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More than 1.4 million Americans were served by the nation's hospice providers last year, but patients, their families, and their physicians often don't know how to choose the best program for hospice, reports the National Hospice and Palliative Care Organization.
"While all hospice programs are very good, there are some programs that are really excellent," said Joan Teno, MD, a professor of community health and medicine at the Warren Alpert Medical School of Brown University and co-author of a recent article that addresses this issue.1 "You want to choose the hospice program that is striving and achieving excellence in quality of care," she added.
Authors Teno and Stephen Connor, PhD, consultant for research and international development at National Hospice and Palliative Care Organization, have identified the four key questions that a primary care physician faces in caring for the seriously ill patient with difficult symptom management:
Should I refer a patient to a hospital-based palliative care team or to hospice services for difficult symptom management?
If the patient is referred to a hospital-based palliative care team, what should I, as the primary care physician, expect?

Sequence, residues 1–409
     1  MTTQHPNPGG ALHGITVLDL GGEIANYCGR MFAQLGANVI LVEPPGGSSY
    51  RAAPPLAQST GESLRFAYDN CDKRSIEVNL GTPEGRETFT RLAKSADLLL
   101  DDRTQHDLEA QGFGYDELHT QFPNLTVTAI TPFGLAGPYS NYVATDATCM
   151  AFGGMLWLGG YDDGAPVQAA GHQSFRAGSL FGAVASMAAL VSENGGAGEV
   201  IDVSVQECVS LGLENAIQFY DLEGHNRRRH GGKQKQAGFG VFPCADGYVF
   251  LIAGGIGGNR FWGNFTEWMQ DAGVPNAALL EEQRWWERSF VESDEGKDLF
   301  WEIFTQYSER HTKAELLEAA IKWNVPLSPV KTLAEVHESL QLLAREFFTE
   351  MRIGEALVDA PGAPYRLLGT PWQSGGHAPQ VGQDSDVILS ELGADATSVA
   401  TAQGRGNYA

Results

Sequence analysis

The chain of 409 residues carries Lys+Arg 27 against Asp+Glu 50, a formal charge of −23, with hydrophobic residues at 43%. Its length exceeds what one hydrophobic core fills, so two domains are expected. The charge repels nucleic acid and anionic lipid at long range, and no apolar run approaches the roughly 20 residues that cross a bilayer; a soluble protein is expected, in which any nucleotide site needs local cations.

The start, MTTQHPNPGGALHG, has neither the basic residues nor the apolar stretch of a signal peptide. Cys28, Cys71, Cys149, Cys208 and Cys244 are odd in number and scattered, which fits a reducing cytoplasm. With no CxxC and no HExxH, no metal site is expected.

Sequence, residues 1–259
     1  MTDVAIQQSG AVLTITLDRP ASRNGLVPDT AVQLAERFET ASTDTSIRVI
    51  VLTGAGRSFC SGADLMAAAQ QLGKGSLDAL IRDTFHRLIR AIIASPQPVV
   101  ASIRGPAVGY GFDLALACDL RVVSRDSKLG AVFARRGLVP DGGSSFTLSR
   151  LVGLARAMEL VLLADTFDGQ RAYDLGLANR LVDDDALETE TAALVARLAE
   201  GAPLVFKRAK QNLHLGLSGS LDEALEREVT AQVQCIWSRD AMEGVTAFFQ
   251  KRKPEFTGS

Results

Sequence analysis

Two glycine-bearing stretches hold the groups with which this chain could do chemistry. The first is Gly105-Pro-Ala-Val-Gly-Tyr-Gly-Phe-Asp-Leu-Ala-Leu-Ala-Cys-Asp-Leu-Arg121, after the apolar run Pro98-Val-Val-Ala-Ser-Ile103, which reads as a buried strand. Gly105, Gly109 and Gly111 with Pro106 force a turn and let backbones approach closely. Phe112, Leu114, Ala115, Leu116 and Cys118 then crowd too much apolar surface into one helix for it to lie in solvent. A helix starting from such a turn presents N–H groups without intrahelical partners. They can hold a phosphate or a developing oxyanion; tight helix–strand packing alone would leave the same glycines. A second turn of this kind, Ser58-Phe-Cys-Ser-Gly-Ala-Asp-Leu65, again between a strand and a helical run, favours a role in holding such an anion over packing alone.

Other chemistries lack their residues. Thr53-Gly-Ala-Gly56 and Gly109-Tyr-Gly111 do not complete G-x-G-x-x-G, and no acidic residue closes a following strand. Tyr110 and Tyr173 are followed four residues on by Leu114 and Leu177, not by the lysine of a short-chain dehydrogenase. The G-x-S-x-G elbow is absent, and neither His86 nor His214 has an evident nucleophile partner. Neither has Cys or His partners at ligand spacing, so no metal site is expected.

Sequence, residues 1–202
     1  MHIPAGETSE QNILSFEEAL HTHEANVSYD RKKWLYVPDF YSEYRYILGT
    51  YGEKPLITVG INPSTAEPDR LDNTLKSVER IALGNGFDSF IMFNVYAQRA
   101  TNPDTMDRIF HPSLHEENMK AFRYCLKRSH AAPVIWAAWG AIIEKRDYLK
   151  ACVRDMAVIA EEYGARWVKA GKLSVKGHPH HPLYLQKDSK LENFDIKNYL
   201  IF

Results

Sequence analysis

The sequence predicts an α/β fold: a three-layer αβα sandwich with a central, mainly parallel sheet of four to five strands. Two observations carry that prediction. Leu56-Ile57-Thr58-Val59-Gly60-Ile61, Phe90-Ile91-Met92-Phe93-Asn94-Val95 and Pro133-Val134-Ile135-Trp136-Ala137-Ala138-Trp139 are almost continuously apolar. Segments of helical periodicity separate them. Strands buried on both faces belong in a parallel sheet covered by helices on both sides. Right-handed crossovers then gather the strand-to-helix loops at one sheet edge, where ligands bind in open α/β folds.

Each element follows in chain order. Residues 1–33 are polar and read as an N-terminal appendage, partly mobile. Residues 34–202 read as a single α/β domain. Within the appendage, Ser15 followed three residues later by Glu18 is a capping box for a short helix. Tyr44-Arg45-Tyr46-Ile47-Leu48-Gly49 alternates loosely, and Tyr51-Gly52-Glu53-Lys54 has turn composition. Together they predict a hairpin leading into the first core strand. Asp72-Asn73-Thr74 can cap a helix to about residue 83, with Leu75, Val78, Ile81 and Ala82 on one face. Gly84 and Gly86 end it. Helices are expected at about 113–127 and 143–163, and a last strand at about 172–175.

When should I refer to hospice services a patient initially referred to a hospital-based palliative care team?
How can I choose a hospice program that will provide competent, coordinated, and compassionate patient- and family-centered care?
The article also describes guidelines for professionals, which are called the three Cs, to help determine whether the care being considered is "competent, compassionate, and coordinated." Guidelines for families are titled "the five Cs" and refer to the characteristics that families should look for when choosing a hospice or palliative care program:
competent care by interdisciplinary team;
care that is centered on the patient and family needs;
coordinated care and correct access to needed services;
committed to quality.
1. Teno JM, Connor SR. Referring a patient and family to high-quality palliative care at the close of life. JAMA 2009; 301:651-659.